Sunday, February 22, 2009


"Chuck's Chatter" is a reincarnation. When I was in high school, I was privileged to have a sports column. In that column, in my high school newspaper's sport section, under the title of "Chuck's Chatter" (with a by-line) I once wrote the following editorial:

Willowbrook's physical education program is one of the finest in the state. This can be attributed to the excellent coordination between a program of physical development and application of certain skills to sports and games.

This idea leads the students to realize that physical health can be fun. Certainly this is in keeping with the president's fitness program.

However, do broken limbs also support this idea? Do cracked digits and smashed noses encourage healthful recreation?

Such deplorable accidents happen daily in the sport of speedball. In this sport, the object is to kick or carry a ball into an end zone guarded by a goalie. In the attempt to gain possession of the ball, heavy blocking is responsible for many of the injuries sustained. There are rules against clipping, or hitting from behind, but they are often disobeyed and overlooked. Broken arms and fingers can be the result.

During the confusion of the attempt to get points, often the ball is kicked with great force into the faces of the players. In addition, the players often strike each other accidentally, with the result that noses are smashed and eyes are blackened.

Often while scrambling for the ball, a boy gets kicked hard in the shin with consequent cuts, bruises or sprains.

The number of serious injuries over the years is larger than it should be. These injuries are the fault on no one person in particular, the blame falling on the game itself. The lack of equipment plus an inadequate number of teachers to watch the progress of the game also contributes to the danger. These factors prevent speedball from being a safe high school PE sport. It should be discontinued or modified to make it safer.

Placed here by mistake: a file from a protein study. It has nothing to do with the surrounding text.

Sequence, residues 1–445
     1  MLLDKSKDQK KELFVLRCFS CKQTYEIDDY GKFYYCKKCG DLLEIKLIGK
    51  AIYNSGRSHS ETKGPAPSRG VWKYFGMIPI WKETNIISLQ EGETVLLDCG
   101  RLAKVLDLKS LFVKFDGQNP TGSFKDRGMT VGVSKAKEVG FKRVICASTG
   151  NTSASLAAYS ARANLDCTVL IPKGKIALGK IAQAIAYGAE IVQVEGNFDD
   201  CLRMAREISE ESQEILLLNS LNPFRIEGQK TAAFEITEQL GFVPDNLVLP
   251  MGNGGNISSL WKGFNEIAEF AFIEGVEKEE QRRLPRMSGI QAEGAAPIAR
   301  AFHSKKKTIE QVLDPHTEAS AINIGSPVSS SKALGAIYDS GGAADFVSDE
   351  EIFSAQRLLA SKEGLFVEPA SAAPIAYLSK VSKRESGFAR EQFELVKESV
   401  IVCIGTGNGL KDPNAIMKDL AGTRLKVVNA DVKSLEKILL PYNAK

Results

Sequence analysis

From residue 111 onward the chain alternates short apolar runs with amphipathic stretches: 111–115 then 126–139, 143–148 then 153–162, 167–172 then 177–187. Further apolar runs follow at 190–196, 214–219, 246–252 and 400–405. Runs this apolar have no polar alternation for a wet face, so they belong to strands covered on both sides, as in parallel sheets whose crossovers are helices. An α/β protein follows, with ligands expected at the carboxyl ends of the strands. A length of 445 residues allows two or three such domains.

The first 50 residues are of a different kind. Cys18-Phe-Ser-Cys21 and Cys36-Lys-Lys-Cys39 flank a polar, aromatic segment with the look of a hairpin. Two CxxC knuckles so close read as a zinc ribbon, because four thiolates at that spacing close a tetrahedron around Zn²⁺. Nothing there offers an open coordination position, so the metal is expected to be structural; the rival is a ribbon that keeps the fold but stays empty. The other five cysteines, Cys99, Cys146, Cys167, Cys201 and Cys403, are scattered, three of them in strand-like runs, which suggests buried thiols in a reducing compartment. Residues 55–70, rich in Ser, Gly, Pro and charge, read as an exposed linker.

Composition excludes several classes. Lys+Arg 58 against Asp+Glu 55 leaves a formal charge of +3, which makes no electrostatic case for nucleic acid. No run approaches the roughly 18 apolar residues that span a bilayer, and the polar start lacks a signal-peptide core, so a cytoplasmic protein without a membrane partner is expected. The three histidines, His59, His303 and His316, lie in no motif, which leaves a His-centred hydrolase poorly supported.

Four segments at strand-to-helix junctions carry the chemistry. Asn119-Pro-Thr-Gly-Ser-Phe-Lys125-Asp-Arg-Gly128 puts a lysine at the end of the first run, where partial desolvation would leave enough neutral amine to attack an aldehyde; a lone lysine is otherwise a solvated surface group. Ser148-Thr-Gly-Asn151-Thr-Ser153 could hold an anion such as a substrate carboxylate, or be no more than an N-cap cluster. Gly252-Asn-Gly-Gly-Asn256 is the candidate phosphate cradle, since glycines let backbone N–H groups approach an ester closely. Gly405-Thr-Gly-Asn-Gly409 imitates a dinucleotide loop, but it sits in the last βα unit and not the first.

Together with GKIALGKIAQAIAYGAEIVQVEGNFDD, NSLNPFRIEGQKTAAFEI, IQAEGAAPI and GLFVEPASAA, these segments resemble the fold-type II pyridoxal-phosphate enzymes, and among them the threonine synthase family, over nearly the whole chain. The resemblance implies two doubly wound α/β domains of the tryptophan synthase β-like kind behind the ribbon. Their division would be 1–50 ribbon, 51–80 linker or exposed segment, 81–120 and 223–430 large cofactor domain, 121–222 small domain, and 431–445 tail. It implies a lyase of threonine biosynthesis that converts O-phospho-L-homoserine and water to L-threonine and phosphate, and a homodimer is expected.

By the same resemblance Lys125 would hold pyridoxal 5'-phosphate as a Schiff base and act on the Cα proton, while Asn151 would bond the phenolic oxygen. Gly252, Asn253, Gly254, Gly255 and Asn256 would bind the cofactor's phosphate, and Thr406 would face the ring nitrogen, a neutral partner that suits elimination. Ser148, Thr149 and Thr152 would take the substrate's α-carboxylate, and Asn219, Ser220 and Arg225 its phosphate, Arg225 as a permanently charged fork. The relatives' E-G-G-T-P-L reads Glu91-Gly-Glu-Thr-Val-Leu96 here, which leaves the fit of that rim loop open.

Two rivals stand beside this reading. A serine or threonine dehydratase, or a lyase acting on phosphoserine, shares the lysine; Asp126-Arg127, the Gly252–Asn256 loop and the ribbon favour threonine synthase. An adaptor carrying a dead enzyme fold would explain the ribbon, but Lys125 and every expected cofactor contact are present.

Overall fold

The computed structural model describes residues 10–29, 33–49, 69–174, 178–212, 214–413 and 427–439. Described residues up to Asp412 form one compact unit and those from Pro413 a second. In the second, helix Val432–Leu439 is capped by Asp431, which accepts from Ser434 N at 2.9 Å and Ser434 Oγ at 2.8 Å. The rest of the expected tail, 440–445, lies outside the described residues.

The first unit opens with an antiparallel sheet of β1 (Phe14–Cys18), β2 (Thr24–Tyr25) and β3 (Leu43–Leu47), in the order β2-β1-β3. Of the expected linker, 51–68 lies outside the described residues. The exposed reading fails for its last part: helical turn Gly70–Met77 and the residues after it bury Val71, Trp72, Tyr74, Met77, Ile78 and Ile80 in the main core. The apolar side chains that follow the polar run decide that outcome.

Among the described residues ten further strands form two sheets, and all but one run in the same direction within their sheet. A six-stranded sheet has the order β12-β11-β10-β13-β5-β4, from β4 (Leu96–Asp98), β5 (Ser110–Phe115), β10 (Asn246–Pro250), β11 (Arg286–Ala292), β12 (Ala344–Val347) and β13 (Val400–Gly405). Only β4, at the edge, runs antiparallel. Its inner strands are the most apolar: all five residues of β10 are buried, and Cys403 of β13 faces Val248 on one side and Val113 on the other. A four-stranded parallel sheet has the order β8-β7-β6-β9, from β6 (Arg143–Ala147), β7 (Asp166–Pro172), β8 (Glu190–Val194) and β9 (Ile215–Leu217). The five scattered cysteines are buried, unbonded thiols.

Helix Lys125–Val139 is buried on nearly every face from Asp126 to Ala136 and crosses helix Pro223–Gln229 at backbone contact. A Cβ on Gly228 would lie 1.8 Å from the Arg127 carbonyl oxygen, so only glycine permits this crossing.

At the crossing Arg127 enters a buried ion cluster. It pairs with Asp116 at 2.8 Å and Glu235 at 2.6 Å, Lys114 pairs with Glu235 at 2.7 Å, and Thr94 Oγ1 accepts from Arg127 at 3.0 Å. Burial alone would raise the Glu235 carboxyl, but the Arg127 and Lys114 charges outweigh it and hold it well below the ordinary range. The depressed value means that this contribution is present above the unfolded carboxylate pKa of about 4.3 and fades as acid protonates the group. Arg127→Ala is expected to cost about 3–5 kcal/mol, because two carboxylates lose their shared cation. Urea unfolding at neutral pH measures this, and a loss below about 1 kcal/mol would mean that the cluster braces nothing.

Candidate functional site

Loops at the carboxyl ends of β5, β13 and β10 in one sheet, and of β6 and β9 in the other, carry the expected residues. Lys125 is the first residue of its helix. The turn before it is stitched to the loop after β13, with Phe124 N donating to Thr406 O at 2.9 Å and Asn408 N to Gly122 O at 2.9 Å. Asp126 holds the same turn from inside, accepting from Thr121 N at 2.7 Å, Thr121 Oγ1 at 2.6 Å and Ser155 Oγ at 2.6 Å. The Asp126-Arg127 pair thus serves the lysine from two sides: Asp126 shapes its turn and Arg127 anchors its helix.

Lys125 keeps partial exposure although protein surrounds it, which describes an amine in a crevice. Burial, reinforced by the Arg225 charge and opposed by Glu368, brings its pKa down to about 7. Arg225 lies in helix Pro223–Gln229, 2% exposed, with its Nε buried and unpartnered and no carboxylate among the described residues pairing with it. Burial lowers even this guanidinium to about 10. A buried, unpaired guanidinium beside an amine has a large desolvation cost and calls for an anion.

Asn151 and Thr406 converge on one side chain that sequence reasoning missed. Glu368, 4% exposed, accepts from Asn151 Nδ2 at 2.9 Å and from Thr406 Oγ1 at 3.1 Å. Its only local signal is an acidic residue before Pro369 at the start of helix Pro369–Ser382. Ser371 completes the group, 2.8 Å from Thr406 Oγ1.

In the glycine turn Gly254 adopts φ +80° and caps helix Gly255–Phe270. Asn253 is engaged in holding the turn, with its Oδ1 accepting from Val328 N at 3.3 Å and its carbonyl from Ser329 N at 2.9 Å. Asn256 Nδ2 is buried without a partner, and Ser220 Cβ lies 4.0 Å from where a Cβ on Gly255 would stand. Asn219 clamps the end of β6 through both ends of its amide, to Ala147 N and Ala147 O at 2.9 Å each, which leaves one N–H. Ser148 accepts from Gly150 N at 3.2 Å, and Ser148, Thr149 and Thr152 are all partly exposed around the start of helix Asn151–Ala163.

This column followed from my having a broken thumb after being clipped in the course of a speedball game in PE. I didn't imagine that my criticism would create a firestorm of response from the PE teachers, resulting in a "retraction" in my column in the next issue of the paper:

A final word on my last column. The accidents which have happened are not daily occurrences. This was an error on my part.

This was my first, but not my last, experience with the "powers that be" within a bureaucratic system. I suppose I was unhappy about what happened to me in my PE class, and I know that other students were injured in speedball, as well - but I had no idea that the system wouldn't respond well to criticism by a high school student on the basis of actual occurrences. I was forced to "retract" my comments, although I managed to make my retraction somewhat muted over what was originally demanded. In effect, my retraction wound up being close to a "non-retraction" if you read it carefully. The PE teachers apparently were satisfied, and didn't realize how carefully I'd worded that apparent retraction. PE teachers in high school aren't known for recogition of subtleties in wording.

My lack of respect for arbitrary authority springs from this (and other) experiences. To me, respect is earned, not just a function of someone's position in a hierarchy. My views on this haven't changed in 50 years.

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